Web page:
Because I was a very observant child, I watched everything that was happening around me. I saw Gangie take off his hat before he sat down to eat a meal, out of respect for the food that was set before him. He also blessed himself with the sign of the cross before and after each meal in thanksgivi­ng to God. He even prayed on his knees at night-time before he went to bed. At night when it was tea time and we all sat down at the table together, he didn’t have a minute’s peace. We handed him our bread to dip into his cup of black tea and then into the sugar bowl for flavour. I always stood beside him because I didn’t want to miss anything. We called it ‘Gangie’s guddy’ and we thought it was the best thing in the world. But real ‘guddy’ was boiled milk poured over white cubes of bread, sprinkled with sugar. Children often ate it at night as a snack before bedtime. But we liked ‘Gangies guddy’ better. By the time he got through with us, his whole cup of tea was gone! But there was always more.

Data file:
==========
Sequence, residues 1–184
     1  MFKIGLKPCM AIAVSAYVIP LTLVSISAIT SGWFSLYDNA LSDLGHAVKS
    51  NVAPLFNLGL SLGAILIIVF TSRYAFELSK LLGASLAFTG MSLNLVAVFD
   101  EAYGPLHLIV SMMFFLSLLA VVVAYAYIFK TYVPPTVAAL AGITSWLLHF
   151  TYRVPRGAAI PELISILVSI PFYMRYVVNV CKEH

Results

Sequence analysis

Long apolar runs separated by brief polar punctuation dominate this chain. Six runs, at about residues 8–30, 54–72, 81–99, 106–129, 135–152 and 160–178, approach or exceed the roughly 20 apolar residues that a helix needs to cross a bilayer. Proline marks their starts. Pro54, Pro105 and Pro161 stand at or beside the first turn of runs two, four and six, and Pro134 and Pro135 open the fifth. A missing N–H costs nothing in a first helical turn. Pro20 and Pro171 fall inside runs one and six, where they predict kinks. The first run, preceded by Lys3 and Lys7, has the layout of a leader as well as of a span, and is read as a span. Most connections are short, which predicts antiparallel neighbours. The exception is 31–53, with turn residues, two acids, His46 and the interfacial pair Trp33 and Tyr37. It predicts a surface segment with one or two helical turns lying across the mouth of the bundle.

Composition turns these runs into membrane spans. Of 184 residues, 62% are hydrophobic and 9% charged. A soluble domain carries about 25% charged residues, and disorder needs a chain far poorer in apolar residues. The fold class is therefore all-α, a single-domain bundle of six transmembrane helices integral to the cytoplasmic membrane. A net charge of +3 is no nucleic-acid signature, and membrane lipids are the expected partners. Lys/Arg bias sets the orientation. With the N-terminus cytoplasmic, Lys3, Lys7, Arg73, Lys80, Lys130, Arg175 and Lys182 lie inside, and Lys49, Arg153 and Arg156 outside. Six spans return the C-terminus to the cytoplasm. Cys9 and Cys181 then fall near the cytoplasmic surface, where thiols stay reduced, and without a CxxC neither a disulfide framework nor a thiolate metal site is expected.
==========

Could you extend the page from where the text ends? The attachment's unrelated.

Friday was old age pension day. That afternoon those who were seventy years old or older walked to Rathcormac village to collect their pension from Hetty Cotter’s Post Office. After they counted their little bundle of money to make sure it was correct, some of the men headed to the pub to relax after a long week of hard work.